Despite its excesses, this British-made vampire saga is a well-handled horror entry that blends suspense, sex and mayhem with credible characterizations, an above-average storyline and a picturesque and often evocative setting . […] The script by someone listed as D. Daubeney is the weakest element in “Vampyres” since, among other things, it endows the victims with a curiosity about the femmes and the countryside mansion of lethal proportions. Even so, storyline is functional for the horror genre, and rarely gets in the way of a series of surprisingly good performances. Director Jose Larraz extracts convincing portrayals from the femme leads and from Brown. Brian Deacon and Sally Faulkner are right as the young couple, and Bessie Love and Elliott Sullivan put in fine but all-too-brief character stints as a house-hunting couple in pic’s finale. Although sex depicted is softcore, it is performed convincingly in context of a bizarre situation, and is unusually erotic. In the pic’s gorier moments, the blood flows like Mogen David at a well-attended Bar-Mitzvah. Those with less than cast-iron stomachs should be forewarned. The production values are especially strong. Harry Waxman’s photography faithfully records both the misty ominousness and natural beauty of pic’s country location. Geoff R. Brown’s editing is taut and James Clark’s score is fully up to the level of emotional evocativeness always demanded by horror films of background music. Overall, an offbeat but well-packaged suspenser. – from a review by Sege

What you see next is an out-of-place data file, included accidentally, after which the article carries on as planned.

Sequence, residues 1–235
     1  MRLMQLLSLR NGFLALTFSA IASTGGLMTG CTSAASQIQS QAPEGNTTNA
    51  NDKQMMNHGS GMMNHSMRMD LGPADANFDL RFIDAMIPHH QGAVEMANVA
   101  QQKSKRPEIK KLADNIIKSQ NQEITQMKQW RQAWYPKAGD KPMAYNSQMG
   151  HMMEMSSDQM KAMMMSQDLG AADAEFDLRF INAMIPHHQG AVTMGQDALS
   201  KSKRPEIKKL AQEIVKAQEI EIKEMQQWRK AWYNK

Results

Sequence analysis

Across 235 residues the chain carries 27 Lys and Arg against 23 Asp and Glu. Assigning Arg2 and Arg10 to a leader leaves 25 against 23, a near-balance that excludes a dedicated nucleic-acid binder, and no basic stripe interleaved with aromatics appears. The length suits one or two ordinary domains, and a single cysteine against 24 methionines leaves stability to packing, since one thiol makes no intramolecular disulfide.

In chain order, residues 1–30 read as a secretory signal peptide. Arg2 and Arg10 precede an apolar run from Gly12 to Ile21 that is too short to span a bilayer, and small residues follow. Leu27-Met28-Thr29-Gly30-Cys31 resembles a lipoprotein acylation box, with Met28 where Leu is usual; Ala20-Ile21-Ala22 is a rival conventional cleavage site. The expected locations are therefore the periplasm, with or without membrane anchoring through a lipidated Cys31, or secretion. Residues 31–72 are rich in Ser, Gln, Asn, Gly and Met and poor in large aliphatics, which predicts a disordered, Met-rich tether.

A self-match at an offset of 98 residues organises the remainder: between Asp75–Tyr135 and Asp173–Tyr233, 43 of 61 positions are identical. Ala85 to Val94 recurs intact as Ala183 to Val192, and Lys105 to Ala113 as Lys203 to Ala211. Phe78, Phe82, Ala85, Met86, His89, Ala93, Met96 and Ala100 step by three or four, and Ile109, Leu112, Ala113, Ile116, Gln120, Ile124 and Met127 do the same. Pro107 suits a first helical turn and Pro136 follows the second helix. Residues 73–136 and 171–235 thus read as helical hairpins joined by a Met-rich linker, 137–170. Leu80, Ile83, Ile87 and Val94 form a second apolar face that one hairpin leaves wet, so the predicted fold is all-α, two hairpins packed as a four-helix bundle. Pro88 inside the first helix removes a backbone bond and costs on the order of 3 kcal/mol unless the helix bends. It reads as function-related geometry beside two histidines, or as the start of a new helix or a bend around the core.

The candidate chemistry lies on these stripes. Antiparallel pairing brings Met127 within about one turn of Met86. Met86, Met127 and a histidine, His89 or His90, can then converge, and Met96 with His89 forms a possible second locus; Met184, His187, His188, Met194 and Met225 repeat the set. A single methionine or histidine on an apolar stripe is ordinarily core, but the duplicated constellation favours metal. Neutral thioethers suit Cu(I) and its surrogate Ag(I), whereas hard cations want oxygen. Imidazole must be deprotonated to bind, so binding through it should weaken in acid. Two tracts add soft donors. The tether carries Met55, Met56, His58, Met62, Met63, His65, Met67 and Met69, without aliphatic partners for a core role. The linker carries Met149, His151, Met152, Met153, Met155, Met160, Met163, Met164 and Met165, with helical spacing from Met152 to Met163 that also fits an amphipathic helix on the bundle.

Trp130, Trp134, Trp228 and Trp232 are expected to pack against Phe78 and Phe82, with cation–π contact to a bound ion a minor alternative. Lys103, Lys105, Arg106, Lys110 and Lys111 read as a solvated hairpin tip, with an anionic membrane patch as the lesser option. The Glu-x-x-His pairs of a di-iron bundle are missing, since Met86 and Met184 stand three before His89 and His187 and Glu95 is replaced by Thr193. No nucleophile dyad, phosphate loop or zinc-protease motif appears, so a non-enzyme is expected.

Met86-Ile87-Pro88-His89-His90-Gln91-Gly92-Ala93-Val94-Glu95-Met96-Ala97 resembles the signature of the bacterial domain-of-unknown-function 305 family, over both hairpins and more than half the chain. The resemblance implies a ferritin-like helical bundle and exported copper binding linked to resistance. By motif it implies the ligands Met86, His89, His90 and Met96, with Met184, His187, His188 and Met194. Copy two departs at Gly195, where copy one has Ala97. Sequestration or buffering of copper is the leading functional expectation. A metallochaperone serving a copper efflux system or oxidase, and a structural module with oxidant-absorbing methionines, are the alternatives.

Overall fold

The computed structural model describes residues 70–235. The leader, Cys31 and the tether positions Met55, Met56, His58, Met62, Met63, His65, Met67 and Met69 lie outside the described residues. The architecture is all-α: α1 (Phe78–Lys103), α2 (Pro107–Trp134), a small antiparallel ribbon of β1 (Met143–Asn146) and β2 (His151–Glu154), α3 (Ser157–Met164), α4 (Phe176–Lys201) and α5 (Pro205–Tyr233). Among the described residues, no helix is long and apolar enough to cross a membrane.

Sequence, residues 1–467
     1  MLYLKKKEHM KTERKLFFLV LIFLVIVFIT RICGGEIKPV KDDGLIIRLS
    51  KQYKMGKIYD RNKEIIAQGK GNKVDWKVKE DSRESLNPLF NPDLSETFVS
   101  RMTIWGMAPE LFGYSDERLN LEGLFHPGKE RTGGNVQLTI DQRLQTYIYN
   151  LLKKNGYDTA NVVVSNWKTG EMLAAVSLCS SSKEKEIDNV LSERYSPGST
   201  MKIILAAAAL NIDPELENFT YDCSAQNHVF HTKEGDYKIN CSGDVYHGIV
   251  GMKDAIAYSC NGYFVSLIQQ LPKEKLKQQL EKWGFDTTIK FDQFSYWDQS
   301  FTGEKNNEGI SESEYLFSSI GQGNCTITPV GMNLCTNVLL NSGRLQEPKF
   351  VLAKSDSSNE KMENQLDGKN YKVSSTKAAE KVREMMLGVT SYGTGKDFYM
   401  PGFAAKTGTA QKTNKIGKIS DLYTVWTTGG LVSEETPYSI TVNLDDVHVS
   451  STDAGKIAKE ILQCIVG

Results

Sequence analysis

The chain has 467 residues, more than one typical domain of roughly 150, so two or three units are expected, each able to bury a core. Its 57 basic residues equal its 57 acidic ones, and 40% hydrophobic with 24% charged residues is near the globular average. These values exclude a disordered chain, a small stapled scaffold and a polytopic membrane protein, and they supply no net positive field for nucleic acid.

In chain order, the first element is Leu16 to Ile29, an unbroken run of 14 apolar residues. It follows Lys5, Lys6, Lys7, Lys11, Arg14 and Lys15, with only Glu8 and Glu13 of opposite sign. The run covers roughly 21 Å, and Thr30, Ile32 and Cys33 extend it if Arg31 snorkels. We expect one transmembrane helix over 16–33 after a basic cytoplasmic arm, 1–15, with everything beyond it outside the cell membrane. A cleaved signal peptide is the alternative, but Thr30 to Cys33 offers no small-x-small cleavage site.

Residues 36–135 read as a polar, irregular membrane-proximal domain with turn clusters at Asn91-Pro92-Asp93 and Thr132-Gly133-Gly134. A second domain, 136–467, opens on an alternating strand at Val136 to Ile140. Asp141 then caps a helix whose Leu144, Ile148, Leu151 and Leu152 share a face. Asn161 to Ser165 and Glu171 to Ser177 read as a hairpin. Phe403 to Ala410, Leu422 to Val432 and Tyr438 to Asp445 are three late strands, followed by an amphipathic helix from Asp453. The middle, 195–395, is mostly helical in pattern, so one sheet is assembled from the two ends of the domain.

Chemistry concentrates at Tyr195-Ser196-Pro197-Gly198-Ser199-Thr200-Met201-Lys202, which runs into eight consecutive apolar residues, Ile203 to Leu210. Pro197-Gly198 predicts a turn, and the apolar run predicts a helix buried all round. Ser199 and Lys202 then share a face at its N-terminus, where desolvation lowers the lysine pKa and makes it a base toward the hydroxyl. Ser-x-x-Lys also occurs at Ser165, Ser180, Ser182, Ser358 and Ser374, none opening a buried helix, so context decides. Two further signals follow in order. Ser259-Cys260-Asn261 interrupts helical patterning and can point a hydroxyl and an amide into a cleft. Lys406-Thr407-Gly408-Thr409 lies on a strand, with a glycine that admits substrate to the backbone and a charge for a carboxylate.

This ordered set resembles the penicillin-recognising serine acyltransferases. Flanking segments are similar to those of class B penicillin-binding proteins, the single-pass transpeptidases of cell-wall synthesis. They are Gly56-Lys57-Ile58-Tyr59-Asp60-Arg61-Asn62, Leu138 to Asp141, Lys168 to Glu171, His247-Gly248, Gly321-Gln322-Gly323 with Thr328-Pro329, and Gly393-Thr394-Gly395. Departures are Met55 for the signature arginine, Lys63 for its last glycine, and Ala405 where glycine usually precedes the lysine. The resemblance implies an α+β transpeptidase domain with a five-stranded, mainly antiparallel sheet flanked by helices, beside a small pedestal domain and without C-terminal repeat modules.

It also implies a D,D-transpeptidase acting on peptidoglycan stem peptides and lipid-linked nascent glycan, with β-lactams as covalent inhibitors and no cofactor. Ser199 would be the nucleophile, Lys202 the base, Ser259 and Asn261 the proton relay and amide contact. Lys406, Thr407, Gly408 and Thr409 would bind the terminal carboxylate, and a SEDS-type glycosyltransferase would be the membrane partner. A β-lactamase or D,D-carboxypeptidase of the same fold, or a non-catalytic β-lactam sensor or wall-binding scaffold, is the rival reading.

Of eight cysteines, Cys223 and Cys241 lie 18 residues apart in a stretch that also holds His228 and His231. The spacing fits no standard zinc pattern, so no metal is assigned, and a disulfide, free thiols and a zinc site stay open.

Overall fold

1976
Monthly Film Bulletin vol.43 no.509 (June 1976) p.132